Adaptation Plays Significant Role In Human Evolution
Geneticists at Stanford now have laid this question to rest. Their results, scheduled to be published Jan. 16 online in Public Library of Science Genetics, show adaptation-the process by which organisms change to better fit their environment-is indeed a large part of human genomic evolution.
"Others have looked for the signal of widespread adaptation and couldn't find it. Now we've used a lot more data and did a lot of work cleaning it up," said Dmitri Petrov, associate professor of biology at Stanford University and one of two senior authors of the paper. "We were able to detect the adaptation signatures quite clearly, and they have the characteristic shape we anticipated."
All genetic mutations start out random, but those that are beneficial to an organism's success in their environment are directly selected for and quickly perpetuate throughout the population, providing a uniform, traceable signature.
With the help of post-doctoral researcher James Cai and recent graduate student Michael Macpherson, Petrov and co-senior author Guy Sella, a biologist at the Hebrew University of Jerusalem, used different methodology from what's been used before to look for signatures of adaptation left in the human genome.
"We detected a number of signatures that suggest adaptation is quite pervasive and common," Petrov said.
Humans have a very complex history from traveling around the globe, and the human genome is also highly structured, making it complicated and difficult to work with, he said.
To find the adaptation signal, Petrov and his colleagues looked for regions of the genome that "hitchhiked" along with an adaptation. When a genetic adaptation occurs and is passed on to offspring, other genes on both sides of the adaptation typically accompany it. The result is a whole region of the genome where all humans are unusually similar to each other, referred to as a "selective sweep," that researchers can identify and trace through human genetic history.
"Adaptation becomes widespread in the population very quickly," Petrov said. "Whereas neutral random mutation doesn't and would not have the selective sweep signature."
"We tried to see if these regions of unusual similarity among all humans tended to be in particular places in the genome as the theory predicts they should be, and indeed we find them there," Petrov said. "The work suggests human beings have undergone rampant adaptation to their environment in the last 200,000 years of history."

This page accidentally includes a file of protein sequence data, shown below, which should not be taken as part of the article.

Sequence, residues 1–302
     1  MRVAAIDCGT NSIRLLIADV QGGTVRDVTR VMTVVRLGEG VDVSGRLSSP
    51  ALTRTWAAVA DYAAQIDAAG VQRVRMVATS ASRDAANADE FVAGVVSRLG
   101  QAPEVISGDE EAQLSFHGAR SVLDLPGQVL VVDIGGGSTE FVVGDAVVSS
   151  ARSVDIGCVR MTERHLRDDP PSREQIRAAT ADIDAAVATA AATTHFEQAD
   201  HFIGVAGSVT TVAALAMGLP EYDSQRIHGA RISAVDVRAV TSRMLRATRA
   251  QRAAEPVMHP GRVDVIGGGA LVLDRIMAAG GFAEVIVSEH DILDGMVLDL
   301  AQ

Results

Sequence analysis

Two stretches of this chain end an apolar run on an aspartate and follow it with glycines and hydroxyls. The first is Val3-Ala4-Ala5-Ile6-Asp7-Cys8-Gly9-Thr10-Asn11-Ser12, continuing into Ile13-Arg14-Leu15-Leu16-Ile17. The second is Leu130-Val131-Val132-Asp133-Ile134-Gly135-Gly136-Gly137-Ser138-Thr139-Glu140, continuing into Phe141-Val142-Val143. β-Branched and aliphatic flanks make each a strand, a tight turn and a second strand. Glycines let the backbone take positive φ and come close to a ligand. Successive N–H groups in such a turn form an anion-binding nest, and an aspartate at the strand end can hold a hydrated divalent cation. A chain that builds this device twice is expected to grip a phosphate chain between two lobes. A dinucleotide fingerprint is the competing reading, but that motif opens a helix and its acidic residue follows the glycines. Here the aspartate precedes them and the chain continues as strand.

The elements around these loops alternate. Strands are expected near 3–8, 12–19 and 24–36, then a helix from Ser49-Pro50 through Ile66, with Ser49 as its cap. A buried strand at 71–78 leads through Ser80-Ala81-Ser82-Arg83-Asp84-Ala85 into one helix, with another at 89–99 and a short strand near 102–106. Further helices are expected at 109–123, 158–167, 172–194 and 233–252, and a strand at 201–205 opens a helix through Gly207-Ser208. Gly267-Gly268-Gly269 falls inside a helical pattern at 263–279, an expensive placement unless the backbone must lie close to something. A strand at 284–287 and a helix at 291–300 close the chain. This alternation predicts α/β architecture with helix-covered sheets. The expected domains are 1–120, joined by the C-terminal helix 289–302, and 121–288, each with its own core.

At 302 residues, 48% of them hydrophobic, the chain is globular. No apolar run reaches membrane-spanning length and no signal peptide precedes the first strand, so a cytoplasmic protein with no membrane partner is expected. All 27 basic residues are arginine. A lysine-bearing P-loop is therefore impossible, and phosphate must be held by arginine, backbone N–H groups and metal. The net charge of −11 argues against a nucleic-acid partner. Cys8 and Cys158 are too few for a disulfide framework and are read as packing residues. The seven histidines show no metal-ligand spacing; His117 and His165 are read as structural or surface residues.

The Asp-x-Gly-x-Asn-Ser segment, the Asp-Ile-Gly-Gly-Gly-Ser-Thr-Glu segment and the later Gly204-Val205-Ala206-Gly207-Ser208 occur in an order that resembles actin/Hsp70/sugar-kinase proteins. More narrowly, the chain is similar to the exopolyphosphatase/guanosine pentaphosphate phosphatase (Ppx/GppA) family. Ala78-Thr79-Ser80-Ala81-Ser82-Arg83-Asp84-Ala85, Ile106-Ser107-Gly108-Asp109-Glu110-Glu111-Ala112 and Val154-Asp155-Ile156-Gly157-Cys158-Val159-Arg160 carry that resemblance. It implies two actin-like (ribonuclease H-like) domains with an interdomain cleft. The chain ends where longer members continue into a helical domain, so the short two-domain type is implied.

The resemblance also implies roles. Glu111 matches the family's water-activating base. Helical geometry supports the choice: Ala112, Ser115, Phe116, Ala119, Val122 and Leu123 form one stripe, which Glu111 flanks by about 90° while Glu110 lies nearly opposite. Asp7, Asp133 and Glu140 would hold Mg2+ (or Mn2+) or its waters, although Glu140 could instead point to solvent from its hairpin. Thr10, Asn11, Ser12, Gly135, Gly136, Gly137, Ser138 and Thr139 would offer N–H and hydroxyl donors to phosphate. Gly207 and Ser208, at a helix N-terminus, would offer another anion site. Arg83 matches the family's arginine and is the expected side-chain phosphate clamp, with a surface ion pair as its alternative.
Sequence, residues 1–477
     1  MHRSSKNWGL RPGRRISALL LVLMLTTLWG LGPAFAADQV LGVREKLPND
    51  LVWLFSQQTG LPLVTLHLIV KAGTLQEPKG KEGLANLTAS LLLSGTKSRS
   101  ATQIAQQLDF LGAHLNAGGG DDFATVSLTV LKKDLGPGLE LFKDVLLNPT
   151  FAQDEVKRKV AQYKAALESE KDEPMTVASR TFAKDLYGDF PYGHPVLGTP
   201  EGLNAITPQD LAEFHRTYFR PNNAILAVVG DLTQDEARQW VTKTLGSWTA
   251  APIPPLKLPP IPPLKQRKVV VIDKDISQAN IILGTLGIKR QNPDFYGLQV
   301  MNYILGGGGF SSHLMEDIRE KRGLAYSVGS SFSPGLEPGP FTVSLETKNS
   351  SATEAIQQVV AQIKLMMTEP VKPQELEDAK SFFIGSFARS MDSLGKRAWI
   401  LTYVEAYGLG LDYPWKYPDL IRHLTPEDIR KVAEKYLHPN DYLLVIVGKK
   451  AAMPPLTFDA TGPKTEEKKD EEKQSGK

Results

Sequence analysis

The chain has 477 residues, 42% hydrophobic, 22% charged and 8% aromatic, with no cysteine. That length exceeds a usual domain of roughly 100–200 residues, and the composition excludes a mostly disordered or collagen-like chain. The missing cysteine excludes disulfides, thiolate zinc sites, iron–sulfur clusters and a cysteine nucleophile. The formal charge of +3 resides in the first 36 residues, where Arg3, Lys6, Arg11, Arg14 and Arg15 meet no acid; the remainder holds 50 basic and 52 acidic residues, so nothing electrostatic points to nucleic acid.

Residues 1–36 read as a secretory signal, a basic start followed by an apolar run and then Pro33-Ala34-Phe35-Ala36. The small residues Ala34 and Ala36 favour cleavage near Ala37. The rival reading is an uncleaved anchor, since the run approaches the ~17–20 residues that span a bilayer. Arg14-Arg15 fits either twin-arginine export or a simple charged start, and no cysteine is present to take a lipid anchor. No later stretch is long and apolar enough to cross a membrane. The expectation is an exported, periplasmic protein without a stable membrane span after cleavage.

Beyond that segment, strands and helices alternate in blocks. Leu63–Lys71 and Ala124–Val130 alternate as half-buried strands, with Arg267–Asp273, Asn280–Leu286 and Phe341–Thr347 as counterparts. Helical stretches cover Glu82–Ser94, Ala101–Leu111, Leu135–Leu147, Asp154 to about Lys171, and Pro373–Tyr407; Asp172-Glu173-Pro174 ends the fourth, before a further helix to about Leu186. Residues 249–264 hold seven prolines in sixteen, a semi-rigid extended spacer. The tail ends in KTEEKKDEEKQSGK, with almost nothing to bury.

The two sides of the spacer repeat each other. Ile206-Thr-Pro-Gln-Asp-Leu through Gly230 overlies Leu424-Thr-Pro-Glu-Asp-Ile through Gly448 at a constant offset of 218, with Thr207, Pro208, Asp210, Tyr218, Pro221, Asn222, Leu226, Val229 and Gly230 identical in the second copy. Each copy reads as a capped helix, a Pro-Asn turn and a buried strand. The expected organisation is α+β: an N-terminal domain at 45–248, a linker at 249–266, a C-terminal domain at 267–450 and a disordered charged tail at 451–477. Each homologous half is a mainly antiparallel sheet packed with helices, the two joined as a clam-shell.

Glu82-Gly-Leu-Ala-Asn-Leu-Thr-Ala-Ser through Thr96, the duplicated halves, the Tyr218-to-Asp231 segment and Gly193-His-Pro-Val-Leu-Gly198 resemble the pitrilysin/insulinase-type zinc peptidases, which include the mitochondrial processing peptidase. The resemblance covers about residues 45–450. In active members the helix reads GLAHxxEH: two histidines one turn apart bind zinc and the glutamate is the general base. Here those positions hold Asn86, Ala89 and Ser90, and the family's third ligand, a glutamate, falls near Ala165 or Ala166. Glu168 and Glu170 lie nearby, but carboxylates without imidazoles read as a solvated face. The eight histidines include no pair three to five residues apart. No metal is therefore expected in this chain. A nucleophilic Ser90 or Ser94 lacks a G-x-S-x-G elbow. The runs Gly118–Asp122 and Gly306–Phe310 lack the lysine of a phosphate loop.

In the past, these sweeps were difficult to discern because the data were not sufficiently abundant and were filled with noise. Depending on the methodology, estimates of the degree of adaptation in humans ranged from as high as 30 percent down to zero. Signatures were impossible to interpret with confidence.
"People would find changes in specific genes suggesting that recent adaptations in humans might be common but could not find genome-wide signatures of pervasive adaptation. That was unsettling," Petrov said. "I'm hoping that people will react with relief that things are starting to make sense."
Petrov hopes that researchers can now do a much better job of finding the regions within the genome responsible for specific human adaptations and relate them to changes in human history or past environments. For example, one could trace the arrival of lactose tolerance to the domestication of cattle and the introduction of milk into our adult diet.
"As the data are going to grow, we should be able to locate specific adaptive events quite well," Petrov said. "By identifying specific genes, we can unravel this evolutionary history of adaptive change."
Another possibility is tracing the origin of skin pigmentation genes, which give people their different skin-color types. Many of these genes are linked to skin cancer. Researchers may be able to recreate past environments while better understanding how adaptation comes into play.
"We see signatures of possibly hundreds of recent adaptive events, and now we can ask what are they doing there," he said. "It's both exiting and puzzling."
This paper follows similar work in bacteria and fruit flies indicating adaptation is a significant contribution to evolution as a whole.
"We are on a crest of a wave showing that adaptation is a lot more prevalent than we thought," Petrov said